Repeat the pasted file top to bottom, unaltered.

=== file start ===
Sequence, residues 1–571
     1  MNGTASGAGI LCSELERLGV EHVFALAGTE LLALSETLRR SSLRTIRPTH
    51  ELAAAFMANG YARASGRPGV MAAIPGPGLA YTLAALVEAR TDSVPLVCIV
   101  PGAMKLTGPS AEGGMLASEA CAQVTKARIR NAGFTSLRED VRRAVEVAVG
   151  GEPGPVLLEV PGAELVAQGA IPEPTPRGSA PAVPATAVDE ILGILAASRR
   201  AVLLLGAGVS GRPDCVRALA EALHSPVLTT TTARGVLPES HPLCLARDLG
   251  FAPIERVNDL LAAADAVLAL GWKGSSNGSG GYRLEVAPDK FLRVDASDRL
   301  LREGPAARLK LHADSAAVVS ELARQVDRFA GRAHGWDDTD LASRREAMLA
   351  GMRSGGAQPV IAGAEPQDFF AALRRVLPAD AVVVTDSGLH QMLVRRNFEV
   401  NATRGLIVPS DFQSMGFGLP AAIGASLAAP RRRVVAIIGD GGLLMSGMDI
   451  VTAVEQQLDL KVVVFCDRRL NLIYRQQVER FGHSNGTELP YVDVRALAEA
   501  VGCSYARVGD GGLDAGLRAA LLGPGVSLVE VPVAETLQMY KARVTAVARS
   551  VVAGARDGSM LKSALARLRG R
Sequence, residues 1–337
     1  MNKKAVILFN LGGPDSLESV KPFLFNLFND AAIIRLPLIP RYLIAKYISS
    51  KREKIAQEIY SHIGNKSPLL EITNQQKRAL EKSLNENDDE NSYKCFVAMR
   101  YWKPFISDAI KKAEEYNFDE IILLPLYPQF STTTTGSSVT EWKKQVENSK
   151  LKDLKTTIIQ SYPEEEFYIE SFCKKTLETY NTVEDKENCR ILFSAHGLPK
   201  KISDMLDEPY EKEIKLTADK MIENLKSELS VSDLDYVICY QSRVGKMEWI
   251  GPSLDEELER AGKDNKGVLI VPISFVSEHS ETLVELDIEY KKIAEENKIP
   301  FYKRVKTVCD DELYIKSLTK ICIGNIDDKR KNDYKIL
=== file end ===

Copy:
Sequence, residues 1–571
     1  MNGTASGAGI LCSELERLGV EHVFALAGTE LLALSETLRR SSLRTIRPTH
    51  ELAAAFMANG YARASGRPGV MAAIPGPGLA YTLAALVEAR TDSVPLVCIV
   101  PGAMKLTGPS AEGGMLASEA CAQVTKARIR NAGFTSLRED VRRAVEVAVG
   151  GEPGPVLLEV PGAELVAQGA IPEPTPRGSA PAVPATAVDE ILGILAASRR
   201  AVLLLGAGVS GRPDCVRALA EALHSPVLTT TTARGVLPES HPLCLARDLG
   251  FAPIERVNDL LAAADAVLAL GWKGSSNGSG GYRLEVAPDK FLRVDASDRL
   301  LREGPAARLK LHADSAAVVS ELARQVDRFA GRAHGWDDTD LASRREAMLA
   351  GMRSGGAQPV IAGAEPQDFF AALRRVLPAD AVVVTDSGLH QMLVRRNFEV
   401  NATRGLIVPS DFQSMGFGLP AAIGASLAAP RRRVVAIIGD GGLLMSGMDI
   451  VTAVEQQLDL KVVVFCDRRL NLIYRQQVER FGHSNGTELP YVDVRALAEA
   501  VGCSYARVGD GGLDAGLRAA LLGPGVSLVE VPVAETLQMY KARVTAVARS
   551  VVAGARDGSM LKSALARLRG R
Sequence, residues 1–337
     1  MNKKAVILFN LGGPDSLESV KPFLFNLFND AAIIRLPLIP RYLIAKYISS
    51  KREKIAQEIY SHIGNKSPLL EITNQQKRAL EKSLNENDDE NSYKCFVAMR
   101  YWKPFISDAI KKAEEYNFDE IILLPLYPQF STTTTGSSVT EWKKQVENSK
   151  LKDLKTTIIQ SYPEEEFYIE SFCKKTLETY NTVEDKENCR ILFSAHGLPK
   201  KISDMLDEPY EKEIKLTADK MIENLKSELS VSDLDYVICY QSRVGKMEWI
   251  GPSLDEELER AGKDNKGVLI VPISFVSEHS ETLVELDIEY KKIAEENKIP
   301  FYKRVKTVCD DELYIKSLTK ICIGNIDDKR KNDYKIL